HPE wins networking contract with Birmingham 2022 Commonwealth Games

The company has been hired to supply edge technology with AI-driven security and management tools

The poster for Birmingham 2022 Commonwealth Games outside the Library of Birmingham

HPE has won a contract to provide network connectivity to the Birmingham 2022 Commonwealth Games, which will help connect the event’s workforce, volunteers, and athletes.

Aruba, a HPE company, is set to provide advanced networking technology to help the Birmingham 2022 hybrid workforce ensure the event is a success, by connecting headquarters, the Technical Operations Centre, and all other venues.

The networking company will deploy programmable edge-to-cloud technology, using Wi-Fi 6 and 6E. It said this will deliver AI-driven security and management in the cloud through Aruba Central to connect, protect, and analyse events and requests that come in across the network. It's hoped this will help IT teams identify potential threats before they have a chance to affect the event.

Aruba said its technology will also support the distribution of the results to press and broadcasters, and it has committed to work with local authorities and Birmingham 2022 to ensure that on-site equipment is made available to the community once the event is over.

“Aruba, using their expertise as part of Hewlett Packard Enterprise, are the ideal company to provide a complex and flexible network connection, enabling a seamless experience for our workforce, volunteers and athletes,” said Adrian Corcoran, chief information officer at Birmingham 2022. “This is such an integral part of Birmingham 2022 and we’re confident Aruba will help us bring the Games to life.”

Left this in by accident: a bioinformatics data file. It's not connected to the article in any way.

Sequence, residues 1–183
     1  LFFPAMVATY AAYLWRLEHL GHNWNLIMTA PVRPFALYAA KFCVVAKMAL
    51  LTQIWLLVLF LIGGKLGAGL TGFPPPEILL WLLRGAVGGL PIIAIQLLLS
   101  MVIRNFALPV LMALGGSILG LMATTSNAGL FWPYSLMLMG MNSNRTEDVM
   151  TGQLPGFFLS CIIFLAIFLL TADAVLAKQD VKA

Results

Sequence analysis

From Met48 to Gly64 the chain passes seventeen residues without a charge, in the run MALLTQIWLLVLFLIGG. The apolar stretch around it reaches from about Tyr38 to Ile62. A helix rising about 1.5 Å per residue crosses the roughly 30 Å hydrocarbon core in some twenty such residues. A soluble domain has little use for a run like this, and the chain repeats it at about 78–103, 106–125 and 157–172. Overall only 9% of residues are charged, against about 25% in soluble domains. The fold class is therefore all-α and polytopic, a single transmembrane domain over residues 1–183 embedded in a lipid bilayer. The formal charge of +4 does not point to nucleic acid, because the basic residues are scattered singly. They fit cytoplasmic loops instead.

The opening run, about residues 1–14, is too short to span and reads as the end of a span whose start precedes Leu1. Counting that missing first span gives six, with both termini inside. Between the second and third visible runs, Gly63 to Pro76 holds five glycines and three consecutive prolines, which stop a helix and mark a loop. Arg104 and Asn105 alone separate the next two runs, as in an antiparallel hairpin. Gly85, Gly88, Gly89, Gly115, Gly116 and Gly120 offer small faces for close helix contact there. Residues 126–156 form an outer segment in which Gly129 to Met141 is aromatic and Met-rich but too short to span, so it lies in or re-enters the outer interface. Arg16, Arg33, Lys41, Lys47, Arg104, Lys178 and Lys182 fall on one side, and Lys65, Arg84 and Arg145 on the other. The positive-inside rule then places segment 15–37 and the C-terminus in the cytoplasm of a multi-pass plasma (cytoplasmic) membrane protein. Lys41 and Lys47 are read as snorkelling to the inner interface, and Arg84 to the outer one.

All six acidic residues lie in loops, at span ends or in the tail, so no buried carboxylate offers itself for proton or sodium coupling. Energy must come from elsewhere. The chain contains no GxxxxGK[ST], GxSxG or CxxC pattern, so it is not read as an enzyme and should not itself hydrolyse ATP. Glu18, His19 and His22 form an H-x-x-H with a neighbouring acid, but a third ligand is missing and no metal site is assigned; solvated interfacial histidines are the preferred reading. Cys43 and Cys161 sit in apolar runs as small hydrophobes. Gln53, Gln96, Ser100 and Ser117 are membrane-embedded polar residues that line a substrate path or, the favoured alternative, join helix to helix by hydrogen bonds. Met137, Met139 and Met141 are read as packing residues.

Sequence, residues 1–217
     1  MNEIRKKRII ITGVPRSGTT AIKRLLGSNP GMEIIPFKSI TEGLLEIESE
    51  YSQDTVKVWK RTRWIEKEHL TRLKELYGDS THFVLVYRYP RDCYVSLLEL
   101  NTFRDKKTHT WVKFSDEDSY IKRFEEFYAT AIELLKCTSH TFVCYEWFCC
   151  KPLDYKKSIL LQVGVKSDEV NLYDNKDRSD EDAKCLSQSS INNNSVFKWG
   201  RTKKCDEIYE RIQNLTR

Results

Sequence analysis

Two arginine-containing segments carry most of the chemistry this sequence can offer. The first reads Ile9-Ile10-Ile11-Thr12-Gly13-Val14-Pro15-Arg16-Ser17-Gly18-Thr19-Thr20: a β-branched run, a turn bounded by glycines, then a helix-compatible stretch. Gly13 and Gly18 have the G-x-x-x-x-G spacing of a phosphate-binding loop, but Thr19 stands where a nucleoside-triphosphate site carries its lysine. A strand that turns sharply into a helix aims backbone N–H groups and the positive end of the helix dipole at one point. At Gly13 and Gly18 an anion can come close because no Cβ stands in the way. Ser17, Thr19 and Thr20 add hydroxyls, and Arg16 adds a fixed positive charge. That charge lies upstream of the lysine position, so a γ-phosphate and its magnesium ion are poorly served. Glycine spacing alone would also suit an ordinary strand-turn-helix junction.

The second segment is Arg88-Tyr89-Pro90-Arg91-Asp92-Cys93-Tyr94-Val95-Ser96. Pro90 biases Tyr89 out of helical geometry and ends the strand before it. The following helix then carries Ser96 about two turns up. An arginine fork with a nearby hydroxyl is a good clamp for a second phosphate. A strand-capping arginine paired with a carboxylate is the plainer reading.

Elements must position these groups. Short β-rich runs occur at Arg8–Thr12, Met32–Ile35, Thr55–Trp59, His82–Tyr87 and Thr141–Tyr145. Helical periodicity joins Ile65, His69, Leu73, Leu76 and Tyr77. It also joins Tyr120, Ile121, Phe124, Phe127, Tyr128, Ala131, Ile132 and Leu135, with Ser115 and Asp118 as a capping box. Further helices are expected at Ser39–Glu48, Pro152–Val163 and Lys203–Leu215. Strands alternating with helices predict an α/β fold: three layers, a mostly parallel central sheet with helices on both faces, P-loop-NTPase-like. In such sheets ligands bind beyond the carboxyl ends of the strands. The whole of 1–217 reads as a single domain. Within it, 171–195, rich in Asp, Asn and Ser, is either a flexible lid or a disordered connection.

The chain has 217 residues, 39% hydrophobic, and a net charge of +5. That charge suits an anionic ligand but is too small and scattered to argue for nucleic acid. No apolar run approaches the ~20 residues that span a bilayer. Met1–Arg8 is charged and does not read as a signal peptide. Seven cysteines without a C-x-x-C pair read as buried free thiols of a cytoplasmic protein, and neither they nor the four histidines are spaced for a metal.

This isn’t the first time HPE has provided its technology to the sports industry, as in July 2017 Tottenham Hotspur chose the company as its official IT networking and wireless infrastructure partner for its new stadium. With Aruba, the club hoped to enable connectivity across the entire venue for visitors and flexibility to cater for future demands, especially as the stadium was still being built meaning the technology was part of the design of the building.

In November 2018, Aruba was chosen by the Ryder Cup to manage its vast network, winning out due to the flexibility and adaptability of its infrastructure, according to the competition's organisers. The network covered over 85 football pitches, comprised 700 access points, and 200 kilometres of fibre.

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